Date: July 26, 2013
Police arrest a group of young people for an unsanctioned religious meeting. (Image, caption courtesy Christian Aid)
Kazakhstan (CAM) ― Is religious freedom a reality in Kazakhstan? The answer depends on who you ask.
While the constitution of this Central Asian country provides for freedom to worship, in truth it is adherents of traditionally recognized faiths and denominations who enjoy that privilege.
Ironically, says Christian Aid Mission, more restrictive laws were enacted to stem the tide of growing Islamic radicalism in Kazakhstan. In the process, intense government scrutiny of all minority religious groups has led to persecution of Christians, particularly evangelicals.
A law passed in 2011 requires churches and religious organizations to apply for state registration. The process is not that simple, however, as official registration is restricted to groups of 50 people or more. Most Christian congregations in Kazakhstan are small and meet in private homes.
To comply with the new regulations, a group of believers can only gather for worship or prayer in a state-approved location, such as a church building. Since the purchase or construction of building costs anywhere from $12,000 to $18,000 on average, congregations find themselves facing a great dilemma.
Even believers who are members of government-sanctioned churches sometimes encounter harassment from local authorities and have to prove their case in court.
The crackdown has resulted in arrests, steep fines, and imprisonment. According to the Forum 18 News Service Web site, fines were imposed on at least 62 Council of Churches Baptists since the start of 2013. The denomination refuses to pay the fines on principle, considering them in violation of human rights.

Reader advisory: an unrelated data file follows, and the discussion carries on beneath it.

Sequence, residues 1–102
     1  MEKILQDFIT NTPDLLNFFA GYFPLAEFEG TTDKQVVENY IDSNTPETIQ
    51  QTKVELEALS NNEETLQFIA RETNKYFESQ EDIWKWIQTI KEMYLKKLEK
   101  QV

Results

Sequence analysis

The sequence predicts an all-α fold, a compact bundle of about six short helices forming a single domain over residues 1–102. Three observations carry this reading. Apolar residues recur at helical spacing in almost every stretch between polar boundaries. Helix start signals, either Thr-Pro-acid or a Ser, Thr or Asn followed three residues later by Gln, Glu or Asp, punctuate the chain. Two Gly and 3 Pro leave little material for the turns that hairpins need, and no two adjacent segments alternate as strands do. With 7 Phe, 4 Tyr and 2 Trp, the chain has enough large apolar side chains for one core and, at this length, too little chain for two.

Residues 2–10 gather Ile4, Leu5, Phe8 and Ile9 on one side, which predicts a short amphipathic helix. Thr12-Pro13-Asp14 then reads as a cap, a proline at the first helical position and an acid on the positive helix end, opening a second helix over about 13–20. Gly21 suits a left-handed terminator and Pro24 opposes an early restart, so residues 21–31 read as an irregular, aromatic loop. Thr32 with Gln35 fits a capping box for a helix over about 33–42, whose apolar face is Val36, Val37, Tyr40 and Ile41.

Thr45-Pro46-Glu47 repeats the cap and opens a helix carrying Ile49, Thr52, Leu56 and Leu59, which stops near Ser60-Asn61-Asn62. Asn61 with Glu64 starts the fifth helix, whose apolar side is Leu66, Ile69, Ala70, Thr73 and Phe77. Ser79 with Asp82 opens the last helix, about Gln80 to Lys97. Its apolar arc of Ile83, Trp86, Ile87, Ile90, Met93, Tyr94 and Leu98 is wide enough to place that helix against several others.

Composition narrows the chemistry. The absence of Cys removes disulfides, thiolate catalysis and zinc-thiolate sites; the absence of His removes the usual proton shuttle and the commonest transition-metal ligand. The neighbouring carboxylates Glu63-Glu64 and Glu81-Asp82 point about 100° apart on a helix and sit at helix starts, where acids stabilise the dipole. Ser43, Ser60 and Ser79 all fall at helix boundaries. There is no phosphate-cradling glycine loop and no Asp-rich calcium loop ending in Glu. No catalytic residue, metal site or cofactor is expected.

In response, the government has reportedly imposed a new set of restrictions on the Baptist churches, banning the members from traveling outside of the country until the fines are satisfied.
The following report was taken verbatim from a Christian Aid-assisted ministry in Kazakhstan. It reveals the extreme measures taken by local authorities to try to stamp out unregistered churches.
On March 31 in a town in eastern Kazakhstan, nine Christians (mainly elderly people) gathered to celebrate Easter, to pray, communicate, and have some tea. After a while, seven police officers came into the apartment. They brought two drunken men with them as witnesses.
Without presenting any documents, the police began to take a video and do a search of the apartment. The senior captain offered to take the Christians to the police station for questioning, but the Christians refused, demanding a good reason for why they should. The answer was that they were engaged in unregistered religious activities.
On April 3, this group of Christians was called to the police station. After police kept them in the office from 12 p.m. to 6 p.m., they were given the interrogation report to sign. The report stated they were engaged in illegal religious activities and storage and sale of drugs. Some of the elderly people signed the report without reading it. But after one woman pointed out the information about drugs, all of them refused to sign it. The authorities threatened to place the group in jail overnight. The Christians sent a statement to the regional prosecutor’s office, including a copy of the document that accused them of storage and sale of drugs.
An administrative court proceeding took place April 18, where four of the Kazakhs were each fined $577 to be paid within one month. The next day, a trial was held for three more of the Christians. Two were fined a penalty of $577 each, and the other individual was fined $1154. Two more people are in the hospital at the present time and haven’t been given a summons to the court. The total sum of fines was $4616.
Before the “law of religious activity,” this small group of Christians was without any need of registration. With the introduction of new rules, the legal features were established. They applied for registration a couple of times since September of last year and were rejected because there were less than 50 people.
Despite opposition, the Kazakh churches continue to grow. About 25% of the country’s population is Christian, most of whom are from the accepted Russian Orthodox denomination. Protestants, making up 0.8%, are viewed with suspicion as dangerous sects that may pose a threat to the government.
Christian Aid assists ministries in Kazakhstan that have planted more than 120 churches and comprise some 12,000 believers. Donors have also provided funding for a Bible school that graduates over 100 students each year and an orphanage that provides compassionate care in the name of Christ to some 300 youngsters.